one or more computer-readable media storing computer-readable instructions that when executed by the one or more processors cause the one or more processors to perform operations, the operations comprising:
obtaining a ground based image of a geographic area captured from a perspective at or near ground level;
identifying candidate aerial imagery of the geographic area;
transforming the candidate aerial imagery to a warped image by projecting an image plane of the candidate aerial image to an image plane associated with the ground based image based at least in part on geometric data associated with the candidate aerial imagery image;
identifying one or more feature matches between the warped image and the ground based image; and
aligning the candidate aerial imagery with the ground based image based at least in part on geometric data associated with the one or more feature matches.
15. The computing system of claim 14, wherein the operation of identifying candidate aerial imagery of the geographic area comprises:
obtaining geographic position data associated with the ground based image; and
cropping aerial imagery of the geographic area based at least in part on the geographic position data to identify the candidate aerial imagery.
16. The computing system of claim 14, wherein the operation of aligning the ground based image with the candidate aerial imagery based at least in part on the one or more feature matches comprises determining a similarity transformation for the candidate aerial imagery, the similarity transformation configured to transform the geometric data associated with the candidate aerial imagery to be more aligned with geometric data associated with the ground based image.
17. The computing system of claim 14, wherein the operation of aligning the ground based image with the candidate aerial imagery based at least in part on the one or more feature matches comprises determining a similarity transformation for the ground based image, the similarity transformation configured to transform the geometric data associated with the ground based image to be more aligned with geometric data associated with the candidate aerial imagery.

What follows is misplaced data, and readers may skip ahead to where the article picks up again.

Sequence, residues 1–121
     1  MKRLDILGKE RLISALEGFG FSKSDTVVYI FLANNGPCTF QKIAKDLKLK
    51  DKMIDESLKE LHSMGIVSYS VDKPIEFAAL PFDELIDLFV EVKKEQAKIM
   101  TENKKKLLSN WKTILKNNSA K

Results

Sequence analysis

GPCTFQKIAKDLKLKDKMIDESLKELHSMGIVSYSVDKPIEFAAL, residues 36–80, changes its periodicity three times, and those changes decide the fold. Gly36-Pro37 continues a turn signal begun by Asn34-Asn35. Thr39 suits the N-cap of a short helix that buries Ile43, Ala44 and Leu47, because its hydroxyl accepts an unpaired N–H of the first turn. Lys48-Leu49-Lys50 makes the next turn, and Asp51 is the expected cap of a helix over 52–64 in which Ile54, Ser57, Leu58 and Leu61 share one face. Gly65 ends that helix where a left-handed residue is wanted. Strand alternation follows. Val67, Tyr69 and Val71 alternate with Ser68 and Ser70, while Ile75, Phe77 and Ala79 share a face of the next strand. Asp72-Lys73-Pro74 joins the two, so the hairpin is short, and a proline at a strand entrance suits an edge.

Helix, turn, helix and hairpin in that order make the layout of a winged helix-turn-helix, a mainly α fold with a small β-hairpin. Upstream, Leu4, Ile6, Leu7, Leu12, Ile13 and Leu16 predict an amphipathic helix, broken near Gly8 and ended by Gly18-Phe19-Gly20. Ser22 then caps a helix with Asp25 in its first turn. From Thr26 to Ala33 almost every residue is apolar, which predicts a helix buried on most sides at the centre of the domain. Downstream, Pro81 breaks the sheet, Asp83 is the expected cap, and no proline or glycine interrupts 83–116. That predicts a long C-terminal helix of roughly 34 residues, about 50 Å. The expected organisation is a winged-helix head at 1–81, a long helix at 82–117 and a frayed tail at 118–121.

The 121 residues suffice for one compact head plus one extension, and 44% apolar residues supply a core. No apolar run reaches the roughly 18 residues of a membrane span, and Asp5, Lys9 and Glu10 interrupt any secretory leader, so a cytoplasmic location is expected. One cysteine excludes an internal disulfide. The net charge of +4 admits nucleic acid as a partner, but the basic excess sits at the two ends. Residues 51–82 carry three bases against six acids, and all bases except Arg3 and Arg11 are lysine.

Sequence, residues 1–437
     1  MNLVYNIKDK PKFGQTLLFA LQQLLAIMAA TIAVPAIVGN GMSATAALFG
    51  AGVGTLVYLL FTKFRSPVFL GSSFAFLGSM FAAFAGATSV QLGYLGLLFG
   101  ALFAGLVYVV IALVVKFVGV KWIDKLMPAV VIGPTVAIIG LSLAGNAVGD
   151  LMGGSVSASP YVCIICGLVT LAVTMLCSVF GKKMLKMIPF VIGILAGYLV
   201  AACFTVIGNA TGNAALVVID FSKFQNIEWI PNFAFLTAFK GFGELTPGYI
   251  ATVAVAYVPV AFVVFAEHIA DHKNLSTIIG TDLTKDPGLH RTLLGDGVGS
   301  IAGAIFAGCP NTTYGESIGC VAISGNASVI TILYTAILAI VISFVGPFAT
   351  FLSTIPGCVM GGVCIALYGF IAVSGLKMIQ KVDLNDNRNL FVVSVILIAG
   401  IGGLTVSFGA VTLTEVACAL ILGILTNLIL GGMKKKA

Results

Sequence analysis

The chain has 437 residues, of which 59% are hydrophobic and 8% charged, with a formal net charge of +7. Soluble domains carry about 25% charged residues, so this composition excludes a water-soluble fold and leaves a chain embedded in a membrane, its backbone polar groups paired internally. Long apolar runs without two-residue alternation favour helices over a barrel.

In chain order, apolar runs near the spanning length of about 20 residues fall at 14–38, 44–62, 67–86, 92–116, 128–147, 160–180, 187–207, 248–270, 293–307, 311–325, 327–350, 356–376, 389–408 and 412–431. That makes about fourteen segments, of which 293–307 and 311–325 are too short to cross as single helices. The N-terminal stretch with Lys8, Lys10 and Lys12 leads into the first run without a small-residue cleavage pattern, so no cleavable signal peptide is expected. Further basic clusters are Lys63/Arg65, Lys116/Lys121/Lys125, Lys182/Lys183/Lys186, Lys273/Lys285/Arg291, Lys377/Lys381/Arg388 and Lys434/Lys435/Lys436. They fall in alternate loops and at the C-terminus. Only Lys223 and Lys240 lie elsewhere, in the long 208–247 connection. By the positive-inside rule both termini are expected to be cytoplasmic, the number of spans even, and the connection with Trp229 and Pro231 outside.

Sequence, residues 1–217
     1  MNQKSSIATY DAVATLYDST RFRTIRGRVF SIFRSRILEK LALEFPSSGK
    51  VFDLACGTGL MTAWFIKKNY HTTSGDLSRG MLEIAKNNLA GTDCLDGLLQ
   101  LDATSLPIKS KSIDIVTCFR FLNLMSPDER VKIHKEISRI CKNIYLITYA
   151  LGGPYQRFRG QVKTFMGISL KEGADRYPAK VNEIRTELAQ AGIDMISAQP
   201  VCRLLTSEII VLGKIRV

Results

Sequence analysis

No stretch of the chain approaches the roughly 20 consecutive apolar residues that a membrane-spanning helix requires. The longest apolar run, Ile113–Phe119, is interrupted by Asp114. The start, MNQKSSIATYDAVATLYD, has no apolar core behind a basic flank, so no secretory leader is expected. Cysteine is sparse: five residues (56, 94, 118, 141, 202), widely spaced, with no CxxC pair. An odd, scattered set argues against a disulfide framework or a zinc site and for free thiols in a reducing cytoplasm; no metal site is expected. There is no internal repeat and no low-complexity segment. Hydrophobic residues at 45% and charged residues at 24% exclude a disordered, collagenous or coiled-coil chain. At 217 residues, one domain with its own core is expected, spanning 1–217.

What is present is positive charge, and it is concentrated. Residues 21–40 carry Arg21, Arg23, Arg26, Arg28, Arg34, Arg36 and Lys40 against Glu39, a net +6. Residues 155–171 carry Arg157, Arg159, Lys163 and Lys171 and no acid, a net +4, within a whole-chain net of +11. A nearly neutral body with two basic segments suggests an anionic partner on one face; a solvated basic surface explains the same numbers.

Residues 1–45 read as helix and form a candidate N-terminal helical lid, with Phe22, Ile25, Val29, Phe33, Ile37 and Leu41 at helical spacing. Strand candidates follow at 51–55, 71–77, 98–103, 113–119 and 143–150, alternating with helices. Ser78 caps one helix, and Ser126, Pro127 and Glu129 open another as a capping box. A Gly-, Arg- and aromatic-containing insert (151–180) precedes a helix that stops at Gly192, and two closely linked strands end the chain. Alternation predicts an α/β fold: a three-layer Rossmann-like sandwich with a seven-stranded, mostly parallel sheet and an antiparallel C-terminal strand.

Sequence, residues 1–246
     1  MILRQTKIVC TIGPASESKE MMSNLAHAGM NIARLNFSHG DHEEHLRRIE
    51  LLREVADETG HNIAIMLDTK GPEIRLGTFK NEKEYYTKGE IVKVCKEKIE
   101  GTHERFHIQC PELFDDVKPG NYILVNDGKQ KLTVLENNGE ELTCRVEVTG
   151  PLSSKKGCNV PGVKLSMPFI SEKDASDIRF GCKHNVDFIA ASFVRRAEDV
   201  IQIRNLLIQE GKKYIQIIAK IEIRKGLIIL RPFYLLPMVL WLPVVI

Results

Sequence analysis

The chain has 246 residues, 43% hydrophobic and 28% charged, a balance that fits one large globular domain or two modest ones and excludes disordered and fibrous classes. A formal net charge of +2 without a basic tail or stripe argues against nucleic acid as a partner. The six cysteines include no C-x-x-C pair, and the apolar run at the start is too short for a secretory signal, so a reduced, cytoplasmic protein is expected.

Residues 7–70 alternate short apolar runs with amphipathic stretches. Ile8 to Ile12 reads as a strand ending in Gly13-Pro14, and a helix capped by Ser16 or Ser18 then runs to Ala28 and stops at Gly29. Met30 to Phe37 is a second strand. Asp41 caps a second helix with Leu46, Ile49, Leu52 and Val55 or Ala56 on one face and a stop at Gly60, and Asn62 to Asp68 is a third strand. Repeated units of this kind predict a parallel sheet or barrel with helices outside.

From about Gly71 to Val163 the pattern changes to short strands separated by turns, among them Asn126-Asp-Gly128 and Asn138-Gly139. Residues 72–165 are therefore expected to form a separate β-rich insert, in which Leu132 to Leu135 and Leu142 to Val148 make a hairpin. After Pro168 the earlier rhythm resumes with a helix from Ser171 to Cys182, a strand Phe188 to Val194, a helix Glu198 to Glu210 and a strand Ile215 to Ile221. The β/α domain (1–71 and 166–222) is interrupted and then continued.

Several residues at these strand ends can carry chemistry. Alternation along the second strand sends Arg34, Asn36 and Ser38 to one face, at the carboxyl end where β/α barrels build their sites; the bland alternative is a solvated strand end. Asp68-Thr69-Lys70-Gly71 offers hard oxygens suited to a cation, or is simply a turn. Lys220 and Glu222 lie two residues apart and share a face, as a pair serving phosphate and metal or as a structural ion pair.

18. One or more non-transitory computer-readable media storing computer-readable instructions that when executed by one or more processors cause the one or more processors to perform operations, the operations comprising:
obtaining a ground based image of a geographic area captured from a perspective at or near ground level, the ground based image associated with first geometric data;
identifying candidate aerial imagery of the geographic area, the candidate aerial imagery associated with second geometric data;
transforming the ground based image to a warped image by projecting an image plane of the ground based image to an image plane associated with the candidate aerial imagery based at least in part on the first geometric data;
identifying one or more feature matches between the warped image and the candidate aerial imagery; and
aligning the ground based image with the candidate aerial imagery based at least in part on geometric data associated with the one or more feature matches.
19. The one or more non-transitory computer readable media of claim 18, wherein the operation of aligning the ground based image with the candidate aerial imagery based at least in part on the one or more feature matches comprises determining a similarity transformation for the ground based image, the similarity transformation configured to transform the first geometric data associated with the ground based image to be more aligned with the second geometric data associated with the candidate aerial imagery.
20. The one or more non-transitory computer-readable media of claim 18, wherein the operation of aligning the ground based image with the candidate aerial imagery based at least in part on the one or more feature matches comprises adjusting a pose associated with the ground based image based at least in part on the one or more feature matches.